# Q & A: Mechanics and Newton

Q:
Consider a bob hanging from the ceiling of a car. Suppose it is moving with an acceleration a. It is a known fact that the bob will make an angle theta with the vertical because of the acceleration. Is this deviation because of inertia? My friend says that an object of mass m’ moving with an acceleration a’ experiences a force ma’ opposite to its direction of motion. He says that it is called De Lambert’s principle. Does such a principle exist? Now consider another situation somewhat similar to the above mentioned situation. Suppose an elevator of mass m’ is ascending with an acceleration a’. The tension in the cable of the elevator increases by a factor ma’. So in this case the principle that I mentioned earlier seems to working.# The moon moves around the sun because of the centripetal force provided by the gravitational pull of the earth and that is the case with the planets that move around the sun. But what is the balancing force that prevents it from following a spiral path and finally fall on the earth. Is it because of inertia by virtue of which it has a natural tendency to take straight line path? In many books there is a force called centrifugal force mentioned. Does such a force really exist or is it used just for calculation purposes?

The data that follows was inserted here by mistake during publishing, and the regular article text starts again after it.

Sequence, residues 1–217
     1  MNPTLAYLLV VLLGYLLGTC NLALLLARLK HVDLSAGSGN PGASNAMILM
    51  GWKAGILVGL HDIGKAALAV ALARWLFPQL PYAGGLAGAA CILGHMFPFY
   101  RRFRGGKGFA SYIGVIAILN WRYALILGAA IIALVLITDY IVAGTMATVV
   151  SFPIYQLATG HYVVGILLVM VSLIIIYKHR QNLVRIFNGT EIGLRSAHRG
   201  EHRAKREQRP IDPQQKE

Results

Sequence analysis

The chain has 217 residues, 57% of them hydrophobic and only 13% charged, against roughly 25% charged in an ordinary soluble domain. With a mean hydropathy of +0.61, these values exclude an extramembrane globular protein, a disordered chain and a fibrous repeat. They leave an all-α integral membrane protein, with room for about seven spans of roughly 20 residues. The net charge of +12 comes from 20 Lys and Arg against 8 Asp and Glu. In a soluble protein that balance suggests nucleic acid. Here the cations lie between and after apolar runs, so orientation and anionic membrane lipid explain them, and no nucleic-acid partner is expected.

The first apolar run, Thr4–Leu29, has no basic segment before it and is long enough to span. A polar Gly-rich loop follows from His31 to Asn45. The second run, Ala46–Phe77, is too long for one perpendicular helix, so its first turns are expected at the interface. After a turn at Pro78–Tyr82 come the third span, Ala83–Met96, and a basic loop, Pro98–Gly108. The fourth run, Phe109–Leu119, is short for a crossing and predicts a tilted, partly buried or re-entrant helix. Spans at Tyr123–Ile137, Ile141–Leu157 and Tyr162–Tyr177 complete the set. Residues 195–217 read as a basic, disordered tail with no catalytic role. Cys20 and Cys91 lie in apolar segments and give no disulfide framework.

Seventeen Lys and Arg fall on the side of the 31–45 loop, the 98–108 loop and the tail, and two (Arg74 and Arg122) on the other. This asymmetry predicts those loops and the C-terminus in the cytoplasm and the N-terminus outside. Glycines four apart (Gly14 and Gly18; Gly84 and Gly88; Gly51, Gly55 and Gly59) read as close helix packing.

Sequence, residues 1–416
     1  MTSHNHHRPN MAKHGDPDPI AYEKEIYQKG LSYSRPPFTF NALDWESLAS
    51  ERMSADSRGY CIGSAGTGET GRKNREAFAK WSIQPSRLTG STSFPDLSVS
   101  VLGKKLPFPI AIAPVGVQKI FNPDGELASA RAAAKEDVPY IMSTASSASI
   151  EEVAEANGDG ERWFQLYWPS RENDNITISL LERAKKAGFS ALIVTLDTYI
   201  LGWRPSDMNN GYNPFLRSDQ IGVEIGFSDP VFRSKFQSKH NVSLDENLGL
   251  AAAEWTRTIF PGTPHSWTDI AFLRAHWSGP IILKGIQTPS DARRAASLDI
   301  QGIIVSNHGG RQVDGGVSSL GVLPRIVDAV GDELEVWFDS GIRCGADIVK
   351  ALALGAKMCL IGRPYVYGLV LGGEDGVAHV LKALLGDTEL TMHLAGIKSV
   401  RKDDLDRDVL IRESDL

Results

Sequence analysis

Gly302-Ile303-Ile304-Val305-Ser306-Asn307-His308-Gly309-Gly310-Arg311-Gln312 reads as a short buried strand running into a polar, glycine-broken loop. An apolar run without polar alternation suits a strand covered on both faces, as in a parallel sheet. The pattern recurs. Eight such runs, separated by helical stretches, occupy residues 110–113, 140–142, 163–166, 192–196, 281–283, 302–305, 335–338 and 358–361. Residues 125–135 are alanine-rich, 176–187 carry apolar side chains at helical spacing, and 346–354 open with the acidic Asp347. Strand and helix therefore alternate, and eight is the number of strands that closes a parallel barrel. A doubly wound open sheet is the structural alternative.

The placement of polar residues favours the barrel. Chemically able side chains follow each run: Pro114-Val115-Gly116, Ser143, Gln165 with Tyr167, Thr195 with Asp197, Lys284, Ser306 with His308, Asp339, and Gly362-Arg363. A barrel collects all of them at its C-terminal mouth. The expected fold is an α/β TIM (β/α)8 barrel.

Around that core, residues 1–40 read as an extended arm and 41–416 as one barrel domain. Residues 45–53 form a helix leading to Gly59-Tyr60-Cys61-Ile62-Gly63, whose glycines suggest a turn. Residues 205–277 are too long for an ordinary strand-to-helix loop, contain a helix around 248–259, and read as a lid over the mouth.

- Amitabh (age 21)
India
A:
Quite a few questions to answer.
1. a hanging bob in an accelerating car will make an angle backwards due to that inertia in the bob. it would travel at a constant velocity, but the tension in the string will not let it. so it is accelerated along with the car. The tension must be pulling it forward, so the string must angled backward.

2. the tension in the cable of a hanging mass in an accelerating ascending elevator is increased and can be explained by Newton's 2nd law.
SUM[forces] = ma
Tension - weight = ma (tension points up, weight down)
Tension = weight + ma

3. First off, lets not talk about centripetal forces. The moon would orbit the sun even if the earth weren't here. The Earth's garvity just makes the moon do a second orbit around the Earth, as both orbit the Sun.

Let's look at just one of these orbits at a time. the only force that acts on the moon or another satellite is gravity from the earth (in this simple situation). what keeps the moon from falling straight into the earth is the fact that it has a velocity. an acceleration is defined as a change in velocity with time. velocity is a vector so it has both a magnitude and direction. so a change in either of its parts will mean it is accelerating. the size of the velocity is not changing, but its direction is since it is moving in a circle. so the acceleration is not a linear one, but what we call a centripetal acceleration. so using the 2nd law again we can write:
SUM[forces] = ma
GMm/R^2 = m*a_centripetal (centripetal because the moon moves in a circle and not in or out.)
so the centripetal acceleration is just the result of all the forces, it is not the cause.

James

(published on 10/22/2007)